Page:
More and more legendary bands are regrouping and hitting the road for various reasons, some for nostalgia sake and some just because they like being on the road and enjoy playing live. This summer, BLACK FLAG actually has two incarnations on the road, the “official” Black Flag with Greg Ginn and Ron Reyes and Flag, featuring Bill Stevenson, Keith Morris, Dez Cadena, Chuck Duckowski, and Stephen Edgerton (Descendents). Unfortunately, both are not coming within range for me to go see, but the official Black Flag version did come to St. Louis and I simply had to go. I was lucky enough to see them in 1986, but this version was one that would be playing largely older songs that I was never able to see live, so I couldn’t pass up the chance. One thing to keep in mind with this review: I was in the midst of all sort of chaos throughout the show, so keep that in mind, i.e., my perspective was a bit skewed as I was frantically trying to stay upright and alive. So, since I have the”bars” inked on my shoulder, I figured someone would want to know what I thought of this incarnation of Black Flag. First, I will say that Ron is probably my fourth favorite singer (behind Hank, Keith, and Dez) but Greg Ginn would be my favorite guitar player (ha), so that may provide some perspective as well.
I’m not going to do a song by song review, again because I was in the pit and am old and don’t remember, but in general, most of the songs were off the First Four Years collection and those are right in Ron’s wheelhouse. The pit literally exploded during “Depression” and “Nervous Breakdown” in such a way that I haven’t seen in ages and I still go to punk shows. This old man was a bit concerned for his safety at first, but then the reflexes and training kicked in and all was well. Great crowd, everyone in the pit knew every word to the old songs and things in there were cordial, despite appearances from the outside. Think riot in a subway car to get a visual. They did play some new songs and in general, those didn’t work, but that’s somewhat normal for any band playing new songs in a show like this. Those did provide a chance to catch one’s breath and relax for a bit which was certainly welcome. Perhaps not surprisingly there weren’t many songs from the Rollins era but that may have been a good thing as those just didn’t seem to work with Ron on vocals. “Black Coffee” and “Can’t Decide” are the two I remember offhand, and ironically, one Fb comment on the show I saw said that those were two of the best songs last night, so I may be in the minority view. “Can’t Decide” started off with all sorts of feedback in an extended intro just like off the Live 84 album, and that is so cool. I still love Greg’s use of feedback. The band, including Greg, typically stayed toward the back of the stage, just like in the old days, leaving Ron up front, which visually was sort of odd as Ron now looks like Tom Araya of Slayer, but like I said, on the songs from Ron’s era in the band, he “owned” those. As I told Greg Ginn before the show, I saw Black Flag 27 years ago, and at that time they only played songs from My War and later, so this was a chance to see and experience the older songs I love in a live setting and they did not disappoint.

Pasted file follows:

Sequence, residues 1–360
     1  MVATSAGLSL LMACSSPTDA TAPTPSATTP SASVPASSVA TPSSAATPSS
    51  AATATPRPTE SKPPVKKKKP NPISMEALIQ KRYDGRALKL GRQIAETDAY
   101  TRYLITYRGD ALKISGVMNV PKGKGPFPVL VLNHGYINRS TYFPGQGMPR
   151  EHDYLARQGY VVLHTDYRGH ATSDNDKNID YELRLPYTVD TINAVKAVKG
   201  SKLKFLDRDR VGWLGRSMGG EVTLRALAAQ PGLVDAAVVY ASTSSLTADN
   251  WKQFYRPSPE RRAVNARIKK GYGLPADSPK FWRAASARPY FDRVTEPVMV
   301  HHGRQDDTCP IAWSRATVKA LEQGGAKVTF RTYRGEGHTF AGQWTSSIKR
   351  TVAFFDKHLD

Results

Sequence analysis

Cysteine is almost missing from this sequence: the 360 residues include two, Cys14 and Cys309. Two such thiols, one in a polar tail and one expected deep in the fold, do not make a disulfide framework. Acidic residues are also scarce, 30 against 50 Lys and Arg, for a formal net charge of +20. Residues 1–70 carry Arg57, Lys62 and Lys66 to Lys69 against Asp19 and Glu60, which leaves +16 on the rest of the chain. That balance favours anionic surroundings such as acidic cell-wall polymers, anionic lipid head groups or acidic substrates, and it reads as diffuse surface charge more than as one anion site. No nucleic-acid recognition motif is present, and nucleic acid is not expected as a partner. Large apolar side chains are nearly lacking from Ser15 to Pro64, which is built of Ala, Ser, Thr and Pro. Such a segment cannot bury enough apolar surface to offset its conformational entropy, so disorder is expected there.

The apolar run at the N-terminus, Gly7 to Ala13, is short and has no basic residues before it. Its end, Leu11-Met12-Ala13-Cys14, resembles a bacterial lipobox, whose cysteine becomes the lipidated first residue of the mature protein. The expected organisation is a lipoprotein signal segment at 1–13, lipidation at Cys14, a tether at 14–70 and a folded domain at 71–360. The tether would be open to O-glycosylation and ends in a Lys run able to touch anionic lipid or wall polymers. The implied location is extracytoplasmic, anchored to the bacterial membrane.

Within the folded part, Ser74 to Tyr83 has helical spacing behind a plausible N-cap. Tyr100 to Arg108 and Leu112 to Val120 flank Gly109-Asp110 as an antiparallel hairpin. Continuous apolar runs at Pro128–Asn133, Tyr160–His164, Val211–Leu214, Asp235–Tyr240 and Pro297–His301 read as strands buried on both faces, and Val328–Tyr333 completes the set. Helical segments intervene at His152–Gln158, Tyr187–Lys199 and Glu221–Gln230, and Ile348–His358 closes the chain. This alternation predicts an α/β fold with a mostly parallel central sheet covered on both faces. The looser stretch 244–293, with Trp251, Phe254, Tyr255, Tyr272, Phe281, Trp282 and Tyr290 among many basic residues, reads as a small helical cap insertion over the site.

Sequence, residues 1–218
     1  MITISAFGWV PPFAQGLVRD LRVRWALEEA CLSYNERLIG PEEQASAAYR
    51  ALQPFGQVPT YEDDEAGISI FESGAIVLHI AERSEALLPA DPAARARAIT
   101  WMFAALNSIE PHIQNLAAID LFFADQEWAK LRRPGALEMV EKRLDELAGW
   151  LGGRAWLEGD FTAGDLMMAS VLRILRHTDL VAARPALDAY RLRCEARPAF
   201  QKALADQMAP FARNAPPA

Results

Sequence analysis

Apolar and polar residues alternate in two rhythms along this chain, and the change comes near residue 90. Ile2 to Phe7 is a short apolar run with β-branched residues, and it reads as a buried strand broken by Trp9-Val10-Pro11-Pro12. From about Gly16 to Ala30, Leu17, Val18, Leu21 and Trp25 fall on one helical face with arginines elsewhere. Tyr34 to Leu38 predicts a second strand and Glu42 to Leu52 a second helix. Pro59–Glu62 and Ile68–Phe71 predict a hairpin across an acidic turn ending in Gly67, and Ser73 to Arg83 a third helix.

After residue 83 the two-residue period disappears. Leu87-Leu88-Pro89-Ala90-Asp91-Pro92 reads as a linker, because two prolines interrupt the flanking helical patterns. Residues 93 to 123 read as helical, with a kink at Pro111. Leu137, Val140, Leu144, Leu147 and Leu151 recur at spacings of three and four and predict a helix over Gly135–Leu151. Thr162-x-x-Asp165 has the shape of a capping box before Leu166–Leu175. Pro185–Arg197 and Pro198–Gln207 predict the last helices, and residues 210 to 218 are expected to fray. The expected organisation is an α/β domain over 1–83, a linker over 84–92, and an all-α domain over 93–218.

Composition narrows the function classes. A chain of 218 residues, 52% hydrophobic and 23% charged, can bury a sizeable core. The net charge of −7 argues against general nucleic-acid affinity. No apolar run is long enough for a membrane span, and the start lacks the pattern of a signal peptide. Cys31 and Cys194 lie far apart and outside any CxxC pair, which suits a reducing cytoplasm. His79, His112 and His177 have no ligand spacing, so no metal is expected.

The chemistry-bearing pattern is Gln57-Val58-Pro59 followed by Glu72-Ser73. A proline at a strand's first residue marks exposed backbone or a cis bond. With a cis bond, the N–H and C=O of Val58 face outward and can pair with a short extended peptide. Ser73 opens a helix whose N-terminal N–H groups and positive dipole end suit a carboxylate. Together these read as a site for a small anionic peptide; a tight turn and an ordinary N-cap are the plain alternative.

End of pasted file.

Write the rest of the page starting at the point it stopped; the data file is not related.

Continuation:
How this all would have been from an onlooker view outside the chaos of the pit, I’m not sure. For all I know, from that perspective they may look like old men trying to make few bucks off nostalgia. Given the energy in the venue and what I saw on stage, I doubt that is the case. Punk rock shows should be something you get involved in, not just observe, and as an involved reviewer, this was a great show. Am I biased? Perhaps a bit, but my son who’s 17 fully agreed that this was a great show and it tends to take a lot to impress kids these days and he certainly wasn’t looking to relive his “glory days”.
Waiting for Black Flag to hit the stage was the hardest part. The show kicked off with a set by Ultraman, who are local punk legends (i.e., old guys). We saw them also open for Naked Raygun, so they seem to come out whenever “older bands” are in town. They’re decent, kind of melodic punk, along the lines of Naked Raygun and other melodic late-80’s punk bands, certainly listenable. Nice short set. Good for You is Greg’s new band and I think he does things like this so he can play twice in one night and assault people with trademark playing more than once. Typical Greg is the best way to describe Good for You. Awkward riffs that are somehow cool, painful guitar solos often very extended, lots of feedback, the usual for Greg. Unfortunately, they seem to play forever, although anticipation for Black Flag may play a role in my perception. When I saw Black Flag in 1986, Greg’s side project Gone was one of the openers and I felt exactly the same about them and they were all instrumental. Good forYou has vocals, so some of the songs, did actually work well, they just overstayed their welcome.
So, would I recommend seeing this version of Black Flag…yes, by all means, but I would say you need to get in the pit or close to it. Get someone else’s sweat all over you, get your sweat all over someone else, get pushed around, fear for you life once or twice during the night, save someone who falls. If you do all that, this will be a great show.
I’ve Had It
Blood and Ashes
Now Is The Time
It’s Not My Time to Go Go
Gimmie Gimmie Gimmie
Wallow In Despair
Down In The Dirt
Louie Louie (Richard Berry cover)